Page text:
The Legends of Golf has become one of golf's great misnomers.
The last time that both members of the winning team were major champions? You have to go back to 2010, when Mark O'Meara and Nick Price won the title. The very next year is when things really got goofy as Mark McNulty and David Eger claimed the trophy. For starters, what were those guys even doing in the field? The same could be said for defending champions Kirk Triplett and Paul Broadhurst. Good people, fine golfers, but “legends,” they are not.
My point is the two-man team, better-ball format tournament that spawned the Champions Tour is no longer special. It's basically the Zurich Classic of New Orleans, with Tom Watson and Hale Irwin filling out the field. Shame on the PGA Tour for not delivering a product commensurate with the name on the billboard.
The Legends used to be different. It was a convocation of the heroes of yesteryear. It was one of the few places where you still could take in the famous golfers of earlier eras whom you had never seen enough of: men such as Billy Casper, Gene Littler and the irrepressible Bob Toski, who called it his major and said "it keeps guys like me going."
This tournament isn't a major championship, but it should be held sacred; it needs to live up to its name and its legacy. This is not the week for Dudley Hart, Bob Gilder, Wayne Levi, Tom Jenkins, Wes Short Jr. and Ken Tanigawa, all of whom are in the field at the so-called Legends of Golf, which begins today at the Top of the Rock and Ozark National courses in Ridgedale, Mo. (tee times). There are 26 other weeks for them to ply their trade. Make no mistake: These pros all know they don't belong. But as one of the non-legends said recently, “I'm just going to ride the system.”
The system has been broken for too long. I chalk this up to a case of the tour being a members association and trying to cater to one and all. Miller Brady, the seniors’ first-year commissioner, knows this all too well from his previous role as the deputy commish and needs to take a stance and limit the field. Otherwise, fans will continue to be served a diluted brand by which the tournament name doesn't measure up to the product inside the ropes.
From 2002 to ’07, the Legends actually became an individual event to attract the stars of the day – namely, Hale Irwin – who were skipping it because it counted as "unofficial money." That was peak "inmates-running-the-asylum." When the tournament wisely reverted to its successful formula, the field swelled to as many as 100. Let's be honest: There aren't 100 living male legends in golf.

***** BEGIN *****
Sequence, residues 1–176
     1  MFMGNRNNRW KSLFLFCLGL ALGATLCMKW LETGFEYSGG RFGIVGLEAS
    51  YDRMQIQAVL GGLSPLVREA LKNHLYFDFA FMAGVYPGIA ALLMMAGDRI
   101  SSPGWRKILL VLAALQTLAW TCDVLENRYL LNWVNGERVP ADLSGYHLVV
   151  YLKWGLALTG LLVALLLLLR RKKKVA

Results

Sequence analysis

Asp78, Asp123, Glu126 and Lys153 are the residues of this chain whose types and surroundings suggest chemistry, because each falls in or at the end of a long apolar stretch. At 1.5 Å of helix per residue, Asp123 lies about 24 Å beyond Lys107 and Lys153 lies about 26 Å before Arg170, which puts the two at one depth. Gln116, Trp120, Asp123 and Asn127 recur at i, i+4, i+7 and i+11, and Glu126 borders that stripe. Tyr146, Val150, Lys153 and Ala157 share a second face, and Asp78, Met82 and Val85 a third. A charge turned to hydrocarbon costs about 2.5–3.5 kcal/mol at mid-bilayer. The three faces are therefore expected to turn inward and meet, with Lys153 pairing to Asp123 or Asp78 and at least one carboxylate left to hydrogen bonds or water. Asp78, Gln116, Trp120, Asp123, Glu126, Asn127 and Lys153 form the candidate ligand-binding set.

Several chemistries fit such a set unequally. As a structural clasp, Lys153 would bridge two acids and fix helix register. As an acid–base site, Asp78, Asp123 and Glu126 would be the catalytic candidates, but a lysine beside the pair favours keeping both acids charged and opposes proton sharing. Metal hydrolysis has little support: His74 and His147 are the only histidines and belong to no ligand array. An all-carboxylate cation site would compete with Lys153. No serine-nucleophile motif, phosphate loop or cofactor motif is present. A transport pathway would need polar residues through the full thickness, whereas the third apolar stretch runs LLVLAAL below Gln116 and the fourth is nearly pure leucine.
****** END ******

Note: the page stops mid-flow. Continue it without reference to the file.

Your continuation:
This year will be the 42nd edition of the event, originally known as the Liberty Mutual Insurance Legends of Golf, and the sixth year contested in Missouri under the Bass Pro Shops banner. From what I've been told, Bass Pro Shops founder Johnny Morris was promised that the field would be reduced when he signed on, but all he's done is eliminate the 70-and-older category in the tourney's first year and axed the 65-plus division last year. So, you're down to a handful of old-timers at what began as golf's old-timers day. At least Morris is smart enough to keep around the true legends of the game: Jack Nicklaus, Gary Player and Lee Trevino. There's also Ben Crenshaw and David Graham, as well as a few other prominent major winners.
Morris deserves credit for throwing one helluva party, or "hooptee," as he likes to say in his down-home way. Every year, he's got something new up his sleeve. Given the nature of his product, he has brought in Bill Dance and Roland Martin, legends of fishing, and other outdoor activities to entertain clients. Two years ago, Morris added a celebrity skins shootout, pairing Nicklaus with musician Kid Rock to make up a legendary odd couple. It speaks volumes for interest in the tournament in its current format that Mark Wahlberg and Larry the Cable Guy joined the hit-’n’-giggle exhibition last year as headliners. Has the shelf life of the Legends expired?
Morris is a modern-day P.T. Barnum, and eyeballs trump nostalgia. This year, he's doubling down with the likes of Justin Timberlake, social-media star/golfer Paige Spiranac and trick-shot artist Tyler Toney of YouTube sensation Dude Perfect. You can't blame Morris for attempting to attract a wider audience, and it's bound to blow up on social media. Last I checked, the celebs' social-media following is a little better than those of Tommy Aaron, Charles Coody and Tony Jacklin.
But Morris wouldn't be forced to resort to the celebrity angle if the field at the Legends included a few more actual legends and a lot fewer players who are anything but. Former PGA Tour commissioner Deane Beman had a saying: It's never too late to do the right thing.
Let's make the Legends of Golf legendary again before it’s too late.
Adam Schupak has written about golf since 1997 for the likes of Golfweek, Golf.com and The New York Times. He is the winner of the National Sports Media Association's "Golf Article of 2017," and the author of Deane Beman: Golf's Driving Force. Email: firstname.lastname@example.org; Twitter: @adamschupak